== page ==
MSE = ∑ (t i − yi ) / n 2

i =1

(1)

Table 1. Factors and their levels. Factor

Unit

Voltage level

Level of factors 1

2

3

4

5

kV

15

20

25

30

35

Rotation speed

rpm

45

60

75

90

105

Electrode angle

degree

20

30

40

50

60

An artificial neural network... and

1923 Table 2. Experimental data and the predicted results using ANN.

n

n

R 2 = 1 − ∑ (t i − y i ) / ∑ ( y i ) i =1

2

i =1

2

(2)

…where t is the target value, y the output value, and n the number of inputs.

Results and Discussion In the present study, the neural network is configured as a multiple input-single output (MISO) model in the MATLAB environment. The architecture of the ANN comprises an input layer, an output layer, and two hidden layers to compute the complex interconnections of neurons intelligently. ANN with two hidden layers would produce better prediction than a single-layer network [20]. The topology of a backpropagation ANN is shown in Fig. 1. It is a 3-10-2-2 structure that has 10 neurons in the first hidden layer and two neurons in the second layer, with constant percentage of training data (70%), testing (15%), and validation data (15%). Nonlinear sigmoid and linear activation functions were used in the hidden layers, respectively. The neurons in the layer are the constitutive units of ANN to receive inputs and sum them to generate an output through a linear activation function. The Levenberg-Marquardt backpropagation training algo-rithm was employed to adjust random initial weights assigned to each of the inputs until satisfactory results were met [21]. In the five-level three-factor Taguchi OA design, 25 sets of experiment were conducted and analyzed. Taguchi OA design reduces the time and cost compared to full factorial design as the latter needs 53 or 125 sets of experiment in acquiring the same information [22]. The trained ANN was employed to perform prediction of the output responses. Table 2 tabulates the corresponding experimental data and prediction results. It can be seen that the predicted values are close to the respective empirical values. From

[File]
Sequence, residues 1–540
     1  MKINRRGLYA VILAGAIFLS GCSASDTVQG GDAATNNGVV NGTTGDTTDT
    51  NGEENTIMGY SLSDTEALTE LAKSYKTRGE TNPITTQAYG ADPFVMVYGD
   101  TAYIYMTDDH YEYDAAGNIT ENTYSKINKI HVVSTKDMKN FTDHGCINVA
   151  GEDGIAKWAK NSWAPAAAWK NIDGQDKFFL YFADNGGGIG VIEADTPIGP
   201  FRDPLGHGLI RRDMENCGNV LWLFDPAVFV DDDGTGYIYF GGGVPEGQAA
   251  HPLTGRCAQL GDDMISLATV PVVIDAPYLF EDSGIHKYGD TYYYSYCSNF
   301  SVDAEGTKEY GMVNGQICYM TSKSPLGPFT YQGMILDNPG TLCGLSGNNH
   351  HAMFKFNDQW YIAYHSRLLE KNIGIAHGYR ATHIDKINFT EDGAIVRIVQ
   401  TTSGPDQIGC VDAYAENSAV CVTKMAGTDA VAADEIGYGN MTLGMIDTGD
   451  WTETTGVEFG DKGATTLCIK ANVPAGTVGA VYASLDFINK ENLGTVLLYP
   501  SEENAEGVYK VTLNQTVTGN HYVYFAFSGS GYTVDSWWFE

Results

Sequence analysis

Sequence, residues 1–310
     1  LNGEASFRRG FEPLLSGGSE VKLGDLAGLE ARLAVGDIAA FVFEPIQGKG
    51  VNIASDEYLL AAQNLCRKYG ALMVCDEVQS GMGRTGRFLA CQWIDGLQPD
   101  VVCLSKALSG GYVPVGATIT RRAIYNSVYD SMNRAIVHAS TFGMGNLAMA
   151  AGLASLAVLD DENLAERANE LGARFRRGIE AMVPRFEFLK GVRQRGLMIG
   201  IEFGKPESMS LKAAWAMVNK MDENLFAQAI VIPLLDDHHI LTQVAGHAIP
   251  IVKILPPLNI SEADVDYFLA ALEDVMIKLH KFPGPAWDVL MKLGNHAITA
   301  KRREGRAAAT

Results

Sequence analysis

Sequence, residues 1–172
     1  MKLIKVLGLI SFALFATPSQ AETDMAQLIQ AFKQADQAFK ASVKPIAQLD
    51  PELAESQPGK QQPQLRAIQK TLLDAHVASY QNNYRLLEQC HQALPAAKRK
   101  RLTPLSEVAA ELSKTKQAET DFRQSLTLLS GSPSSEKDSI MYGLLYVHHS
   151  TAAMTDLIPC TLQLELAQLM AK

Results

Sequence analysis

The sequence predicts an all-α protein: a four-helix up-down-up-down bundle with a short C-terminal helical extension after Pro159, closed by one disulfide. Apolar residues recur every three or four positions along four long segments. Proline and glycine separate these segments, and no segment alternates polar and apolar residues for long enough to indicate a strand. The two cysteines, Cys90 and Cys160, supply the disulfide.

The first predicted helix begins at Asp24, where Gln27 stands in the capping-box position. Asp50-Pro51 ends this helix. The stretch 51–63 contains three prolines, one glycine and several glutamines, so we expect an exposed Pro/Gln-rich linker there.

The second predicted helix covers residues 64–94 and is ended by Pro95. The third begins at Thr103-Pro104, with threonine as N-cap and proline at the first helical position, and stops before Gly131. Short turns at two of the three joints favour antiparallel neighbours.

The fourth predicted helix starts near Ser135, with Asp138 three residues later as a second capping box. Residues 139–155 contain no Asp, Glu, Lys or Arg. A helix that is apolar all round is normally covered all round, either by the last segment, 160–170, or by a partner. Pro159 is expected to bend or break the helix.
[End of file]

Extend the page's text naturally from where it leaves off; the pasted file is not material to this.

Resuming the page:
Fig. 1. Topology of the backpropagation ANN in a) schematic view and b) Matlab environment.

Exp. No.

Wf (g)

Wm (g)

Experimental

Predicted

Experimental

Predicted

1

10.1

10.3

65.9

66.1

2

18.7

18.0

38.7

41.0

3

24.0

24.0

23.2

23.1

4

24.0

24.0

25.0

24.7

5

18.7

19.0

43.7

42.5

6

21.4

19.0

38.2

48.0

7

26.5

26.7

21.6

21.9

8

25.9

26.2

22.6

22.8

9

19.8

20.8

40.8

39.8

10

10.6

10.0

67.6

65.8

11

29.8

29.8

19.9

20.9

12

28.5

28.4

20.1

21.3

13

21.6

22.7

37.8